On optimal redistributive capital taxation
No 2016_07, CEGAP Working Papers from Durham University Business School
This paper addresses conflicting results regarding the optimal taxation of capital income. Judd (1985) proves that in steady state there should be no taxation of capital income. Lansing (1999) studies a logarithmic example of one of Judd’s models and finds that the optimal steady state tax on capital income is not always zero. it is positive in some specifications, negative in some others. There appears to be a contradiction. However, I show that Lansing derives his result by relaxing the hypotheses of Judd’s theorem -- with less restrictive hypotheses, a wider range of outcomes is possible. This raises the question of whether yet more outcomes are possible with yet weaker hypotheses. I find that the answer is no: the only possible interior steady states for the model are essentially Judd’s zero capital tax and Lansing’s unitary elasticity of marginal utility.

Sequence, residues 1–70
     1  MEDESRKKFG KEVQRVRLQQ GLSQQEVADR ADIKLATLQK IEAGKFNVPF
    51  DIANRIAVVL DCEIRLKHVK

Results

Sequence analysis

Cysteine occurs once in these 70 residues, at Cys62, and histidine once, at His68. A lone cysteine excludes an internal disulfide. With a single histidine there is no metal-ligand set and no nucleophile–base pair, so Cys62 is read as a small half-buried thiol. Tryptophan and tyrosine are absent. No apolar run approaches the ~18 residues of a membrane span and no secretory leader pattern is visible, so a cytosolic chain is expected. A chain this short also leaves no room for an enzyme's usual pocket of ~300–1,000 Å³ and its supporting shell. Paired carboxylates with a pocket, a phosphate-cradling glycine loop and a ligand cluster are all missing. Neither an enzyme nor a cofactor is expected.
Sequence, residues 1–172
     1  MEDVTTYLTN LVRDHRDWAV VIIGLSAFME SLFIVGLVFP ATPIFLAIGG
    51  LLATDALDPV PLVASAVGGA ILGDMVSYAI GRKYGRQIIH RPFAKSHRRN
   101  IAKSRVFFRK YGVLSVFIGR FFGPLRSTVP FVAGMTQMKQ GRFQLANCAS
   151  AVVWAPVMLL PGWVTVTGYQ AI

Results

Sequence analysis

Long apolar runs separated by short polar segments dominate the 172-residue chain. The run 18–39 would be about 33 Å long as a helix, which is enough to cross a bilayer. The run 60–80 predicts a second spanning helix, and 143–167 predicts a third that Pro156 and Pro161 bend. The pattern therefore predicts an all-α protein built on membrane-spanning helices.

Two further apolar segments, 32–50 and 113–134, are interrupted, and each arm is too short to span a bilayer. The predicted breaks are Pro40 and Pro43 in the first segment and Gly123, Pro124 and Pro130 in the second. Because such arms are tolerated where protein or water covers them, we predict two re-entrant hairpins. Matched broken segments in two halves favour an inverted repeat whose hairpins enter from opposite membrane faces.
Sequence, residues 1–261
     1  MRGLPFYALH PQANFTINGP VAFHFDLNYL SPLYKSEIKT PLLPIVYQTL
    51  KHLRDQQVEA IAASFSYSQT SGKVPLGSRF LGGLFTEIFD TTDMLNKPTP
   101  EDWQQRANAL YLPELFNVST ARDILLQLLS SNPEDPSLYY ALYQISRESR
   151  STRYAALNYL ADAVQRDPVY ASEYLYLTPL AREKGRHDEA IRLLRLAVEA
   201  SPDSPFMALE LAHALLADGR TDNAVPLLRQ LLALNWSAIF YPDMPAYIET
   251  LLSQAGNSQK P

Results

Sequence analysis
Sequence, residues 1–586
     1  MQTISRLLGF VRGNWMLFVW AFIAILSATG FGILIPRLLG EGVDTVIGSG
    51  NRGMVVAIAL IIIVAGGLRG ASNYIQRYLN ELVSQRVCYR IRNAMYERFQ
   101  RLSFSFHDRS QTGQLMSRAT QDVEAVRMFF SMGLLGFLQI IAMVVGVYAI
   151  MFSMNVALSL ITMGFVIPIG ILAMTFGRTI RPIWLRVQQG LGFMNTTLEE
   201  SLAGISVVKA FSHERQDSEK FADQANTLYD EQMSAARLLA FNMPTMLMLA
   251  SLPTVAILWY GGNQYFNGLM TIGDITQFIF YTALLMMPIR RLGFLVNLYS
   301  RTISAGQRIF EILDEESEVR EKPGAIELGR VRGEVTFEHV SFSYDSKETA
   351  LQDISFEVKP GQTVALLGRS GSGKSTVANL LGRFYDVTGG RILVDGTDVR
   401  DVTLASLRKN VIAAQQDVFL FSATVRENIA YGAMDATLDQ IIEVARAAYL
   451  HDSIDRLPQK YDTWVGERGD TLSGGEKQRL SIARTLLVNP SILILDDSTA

Keywords: Dynamic; optimal; taxation (search for similar items in EconPapers)
JEL-codes: H2 (search for similar items in EconPapers)
New Economics Papers: this item is included in nep-dge and nep-pbe
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